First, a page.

'Lab-on-a-chip' blood test could spot breast cancer early

'Lab-on-a-chip' blood test could spot breast cancer early
An image of one of the micropatterns tested on the EV-CLUE chip. Credit: P. Zhang et al., Science Translational Medicine (2020)

A cutting-edge "lab-on-a-chip" has shown promise in detecting early breast cancers and tumors that have developed in other parts of the body.

Roughly the size of a glass microscope slide, the EV-CLUE uses nanotechnology to pump a tiny amount of blood into eight miniscule channels equipped to detect different markers of , explained co-researcher Liang Xu, a professor of molecular bioscience at the University of Kansas.

How tiny? The EV-CLUE requires about 2 microliters of blood to run a scan, Xu said. A typical droplet of blood contains 50 microliters.

Xu and his colleagues tested their lab-on-a-chip by equipping one of its channels to look for MMP14, an enzyme released by tumors that has been linked to . The enzyme attacks in ways that seem to promote the spread of cancer.

In early tests focused on MMP14, the device detected early-stage or with 97% accuracy in a first group of 30 people and 93% in a second group of 70 people.

"This highly sensitive technology can catch early signs of cancer metastases. The early detection for cancer metastases is key to reduce the death rate of women with ," Xu said.

'Lab-on-a-chip' blood test could spot breast cancer early
Microscopic image of extracellular vesicles derived from colon cancer cells captured on the technology’s micropatterns. Credit: P. Zhang et al., Science Translational Medicine (2020)

The chances of long-term survival are high for women whose cancer is caught early, the researchers noted. The five-year survival rate of women with localized breast cancer is 99%, but only 86% for those whose cancer has spread to the lymph nodes and 27% if tumors have appeared in far-flung parts of the body.

The problem is that once a breast cancer has migrated outside its original location, cancerous cells can hide undetected elsewhere in the body, Xu said. This technology could root out those hidden tumors.

This new technology is one of many efforts to develop a "liquid biopsy" that would use blood tests to find cancer, said Dr. Bill Cance, chief medical and scientific officer with the American Cancer Society.

Tumors shed many different types of chemicals and matter into the bloodstream, and these telltale signs could help detect cancer that's not yet advanced.

"This is proof of principle that it has potential," Cance said of the EV-CLUE's first results. "But like other new technology, it's going to need a lot of patients to validate it."

'Lab-on-a-chip' blood test could spot breast cancer early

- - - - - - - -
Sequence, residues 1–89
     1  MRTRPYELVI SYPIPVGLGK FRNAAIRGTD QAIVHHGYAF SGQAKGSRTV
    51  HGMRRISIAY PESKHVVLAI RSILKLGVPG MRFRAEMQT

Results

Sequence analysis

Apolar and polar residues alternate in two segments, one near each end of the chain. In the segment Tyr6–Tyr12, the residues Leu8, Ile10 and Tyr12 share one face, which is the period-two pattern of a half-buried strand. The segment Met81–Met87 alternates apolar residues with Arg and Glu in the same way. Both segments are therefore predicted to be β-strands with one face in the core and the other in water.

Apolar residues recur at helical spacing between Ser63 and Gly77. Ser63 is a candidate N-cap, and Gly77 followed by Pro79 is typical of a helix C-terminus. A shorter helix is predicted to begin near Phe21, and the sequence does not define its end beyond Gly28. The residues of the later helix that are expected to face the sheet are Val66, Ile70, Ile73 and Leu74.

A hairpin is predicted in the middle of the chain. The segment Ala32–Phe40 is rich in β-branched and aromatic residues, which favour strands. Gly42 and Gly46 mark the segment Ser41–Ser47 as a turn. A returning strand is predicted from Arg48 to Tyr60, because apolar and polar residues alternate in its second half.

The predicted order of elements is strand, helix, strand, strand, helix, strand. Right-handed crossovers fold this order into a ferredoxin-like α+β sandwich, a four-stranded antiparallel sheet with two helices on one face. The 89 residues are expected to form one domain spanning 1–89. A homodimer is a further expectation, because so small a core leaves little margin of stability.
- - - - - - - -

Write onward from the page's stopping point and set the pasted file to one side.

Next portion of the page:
The EV-CLUE chip is a multi-layer device constructed by stacking two slabs made of polydimethylsiloxane (PDMS) on a glass slide. The top PDMS slab is microfabricated with a network of pressure/vacuum valves and pump that controls the circuit of eight parallel microreactors engraved on the middle thin PDMS layer. The microreactors and connecting channels are visualized by filling with blue food dye. The bottom glass slide is patterned with nanoparticle structures and coated with antibody to capture extracellular vesicles. Credit: Photo by Yong Zeng

Such a liquid biopsy could one day supplant mammograms as the initial screening tool for breast cancer, if it is proven through rigorous testing to be accurate, Cance said.

"They need to be as close to 100% accurate as you can get," Cance said. "That said, if a patient could get a test that could detect whether you have a cancer and at what stage, that would be such a useful screening tool."

Armed with such a , doctors might then use mammograms only after cancer has been detected, to confirm the test's results and find the location of the , Cance said.

The EV-CLUE chips are created using a 3-D printer, in a process that could be distributed widely and affordably, Xu said. He added that using the chips would be "much cheaper than a mammogram."

The chips would not be limited to breast cancer detection, either. Researchers have just started an early trial to see if the EV-CLUE can detect lung cancer as well, Xu said.

'Lab-on-a-chip' blood test could spot breast cancer early
Digital photo of an EV-CLUE chip highlights the variable iridescent colors displayed by the microarray of 3D S-shaped wavy stripes patterned inside each microreactor. These micro-stripes were self-assembled from uniform nanoparticles, which create a regularly packed nanostructure that causes light scattering and interference to intensify different colors at certain angles, in a way similar to the iridescence of natural opals. Credit: Photo by Yong Zeng

"This is not limited to breast cancer," Xu said. "MMP14 exists in many, many other types of cancer."

The early results of the EV-CLUE were published June 10 in the journal Science Translational Medicine.


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More information: Peng Zhang et al. Molecular and functional extracellular vesicle analysis using nanopatterned microchips monitors tumor progression and metastasis, Science Translational Medicine (2020). DOI: 10.1126/scitranslmed.aaz2878
Journal information: Science Translational Medicine

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